There are plenty of perks that come with travel nursing, from the chance to expand your professional network to the opportunity to learn more about yourself. The joy of traveling is, of course, chief among these benefits. But whether you secure a contract in a remote location or a bustling city, you know you aren’t just journeying to a new destination: You’re also immersing yourself in a wholly new healthcare environment.

What are these environments? Where do travel nurses go? And do travel nurses get to pick where they go?

Consider this article the real guidebook you need. Let’s dive into the most common work settings for travel nurses, the distinctive characteristics of each, and how to choose the most fitting facility for your personal and professional goals.

Where Do Traveling Nurses Go?

In short, travel nurses work in many of the same settings as permanent nurses. Your specific roles (and the responsibilities you might handle) will largely depend on your specialization and the needs of the facility. Your best bet is to apply to a staffing agency like Host Healthcare, where you’ll be paired with an experienced recruiter who’ll find available facilities and positions that align with your qualifications and interests.

That said, let’s talk about four of the most common places travel nurses work:

#1. Hospital Settings: The Backbone of Travel Nursing 

About 60% of all nurses, travel and otherwise, work in hospitals. As you likely already know, travel nurses often fill gaps at hospitals experiencing staff shortages due to a variety of reasons, such as:,

  • Nurse shortages
  • Parental leave
  • Illness
  • Vacation

As for which part of a hospital you might find yourself assigned to? That will depend on the specialty. A few examples include:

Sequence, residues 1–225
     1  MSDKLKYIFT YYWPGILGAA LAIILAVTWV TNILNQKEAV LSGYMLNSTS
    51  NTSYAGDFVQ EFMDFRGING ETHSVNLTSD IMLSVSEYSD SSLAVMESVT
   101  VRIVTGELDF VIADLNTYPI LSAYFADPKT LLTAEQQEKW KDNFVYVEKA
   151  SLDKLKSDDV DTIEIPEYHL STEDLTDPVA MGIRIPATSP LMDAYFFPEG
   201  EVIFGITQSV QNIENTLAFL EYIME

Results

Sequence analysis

• Emergency rooms – The exhilarating pace, the chance to provide life-altering (and even life-saving) care, and fresh challenges around every bend—there’s a reason why some nurses choose to focus their attention on emergency rooms. 
  • Medical-surgical – Medical-surgical nurses play a pivotal role in hospital settings by caring for a wide variety of patients. If this applies to you, or if it’s a path you’re interested in pursuing, you’ll be placed in the medical or surgical unit in a hospital, where you’ll be expected to manage basic nursing tasks.

Of course, these are only two examples. Given that a hospital handles everything from birth to critically ill patients, they’re excellent places for travel nurses to uplevel their skills.


For many nurses, one of the greatest pleasures of working in a hospital is the often large group of colleagues they get to work with and the sense of camaraderie that hospitals offer. This might be particularly appealing for travel nurses who experience homesickness when away from friends and family. 


If you presently work in a hospital, you’re likely well aware of the potential drawbacks—regardless of whether you’re at home or on the road. These drawbacks may include a challenging, non-traditional schedule and difficulty connecting with patients in a meaningful, long-term way. 

#2. Clinic Environments: Primary Care Opportunities for Travel Nurses 

In general, the second most common place for nurses to work is in physicians’ offices. These settings may be particularly appealing to travel nurses who have a specialization such as:

  • Women’s health 
  • Pediatrics
  • Dermatology


One of the advantages of working in a physician’s office is that these environments typically adhere to a set schedule that may free up your early mornings, evenings, and weekends—time that you can use to explore your new town or city. What’s more, you may learn a great deal from working with a new physician and a fresh batch of patients. 


The disadvantages of working for a physician may be saying goodbye to your team and your patients when your contract comes to an end, especially if you served a longer contract. Here’s the good news, though: If you fall in love with an area and/or a specific facility, you may be able to extend your contract. 

#3. Long-Term Care Facilities: Serving Diverse Patient Populations

Drawn to or specialize in working with elderly populations or patients with disabilities? You may be thrilled to learn that nursing homes and assisted care facilities are among some of the top places you’ll find when asking, where can travel nurses work?

These locations call for the same skills you might leverage in your home base, such as:

  • Assistance with basic tasks like bathing and dressing
  • Administering medications 
  • Providing emotional support and education to patients and their loved ones